#!/usr/bin/perl use strict; use warnings; use Data::Dumper; $Data::Dumper::Indent = 1; $Data::Dumper::Sortkeys = 1; use HTML::Template; # # Load the layout and a stub page of "content" # my $layout = HTML::Template->new( filename => "layout.template" ); my $page = HTML::Template->new( filename => "page.inc" ); $page->param( title => "STEVE"); # <-- new line # # Insert the body into the layout template # $layout->param( page => $page->output() ); # # Now setup the title # $layout->param( title => "STEVE" ); print $layout->output();
    output:
    <html> <head> <title>STEVE</title> </head> <body> <h2>STEVE</h2> <p>Imagine content here ..</p> </body> </html>
    update:
    Add a little more abstraction and feel even more pleased (possibly). :-)
    #!/usr/bin/perl use strict; use warnings; use HTML::Template; my $page_params = { title => "STEVE" }; my $layout_params = { title => "STEVE", page => page($page_params), }; my $layout = HTML::Template->new( filename => "layout.template" ); $layout->param($layout_params); print $layout->output(); sub page { my ($args) = @_; my $page = HTML::Template->new( filename => "page.inc" ); $page->param($args); return $page->output; }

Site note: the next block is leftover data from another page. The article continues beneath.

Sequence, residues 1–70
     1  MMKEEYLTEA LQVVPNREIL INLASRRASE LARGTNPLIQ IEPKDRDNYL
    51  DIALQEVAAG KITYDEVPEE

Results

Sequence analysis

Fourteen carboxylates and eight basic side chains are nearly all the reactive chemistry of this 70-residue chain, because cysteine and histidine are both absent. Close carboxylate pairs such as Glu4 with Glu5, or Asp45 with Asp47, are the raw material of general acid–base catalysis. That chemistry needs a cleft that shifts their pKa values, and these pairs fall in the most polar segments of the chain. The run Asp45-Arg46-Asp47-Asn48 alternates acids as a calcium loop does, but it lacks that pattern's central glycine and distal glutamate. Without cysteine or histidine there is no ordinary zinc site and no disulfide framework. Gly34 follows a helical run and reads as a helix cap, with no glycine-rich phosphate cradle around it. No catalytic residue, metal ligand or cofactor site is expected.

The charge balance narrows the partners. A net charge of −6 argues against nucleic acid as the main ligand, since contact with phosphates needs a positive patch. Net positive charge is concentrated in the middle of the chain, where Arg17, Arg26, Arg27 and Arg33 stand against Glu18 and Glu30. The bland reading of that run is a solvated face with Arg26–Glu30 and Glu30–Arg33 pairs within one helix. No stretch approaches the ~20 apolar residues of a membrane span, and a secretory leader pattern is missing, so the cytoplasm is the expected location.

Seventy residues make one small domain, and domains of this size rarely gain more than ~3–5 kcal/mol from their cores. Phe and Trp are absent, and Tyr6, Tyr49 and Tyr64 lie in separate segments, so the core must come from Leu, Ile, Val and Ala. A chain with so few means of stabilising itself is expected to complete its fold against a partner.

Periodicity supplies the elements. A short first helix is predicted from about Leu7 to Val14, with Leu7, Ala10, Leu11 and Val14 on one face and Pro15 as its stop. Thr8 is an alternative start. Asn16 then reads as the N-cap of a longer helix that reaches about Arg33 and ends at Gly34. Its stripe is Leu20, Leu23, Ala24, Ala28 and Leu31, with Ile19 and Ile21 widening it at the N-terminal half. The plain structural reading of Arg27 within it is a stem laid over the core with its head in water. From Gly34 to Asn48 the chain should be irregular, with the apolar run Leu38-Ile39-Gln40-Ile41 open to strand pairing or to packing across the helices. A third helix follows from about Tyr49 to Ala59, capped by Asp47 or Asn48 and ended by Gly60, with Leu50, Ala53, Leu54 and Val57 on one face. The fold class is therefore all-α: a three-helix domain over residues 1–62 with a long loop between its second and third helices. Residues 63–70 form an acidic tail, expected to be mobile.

For my use case I don't know in advance which items to set in the header and which in the page, so this solution doesn't really scale past the small example. (Much like moving the title as suggested by ww initially failed to solve the general problem).

      Steve
      --
        HTML::Template puts together html very nicely. Everything else should be done by your script. I think you are trying to get the template to do too much.

        Your "content will be coming from... a database" so you could add a field which specifies "which items to set in the header and which in the page" or alternatively put that information in your script/config file i.e. one way or another, make a table.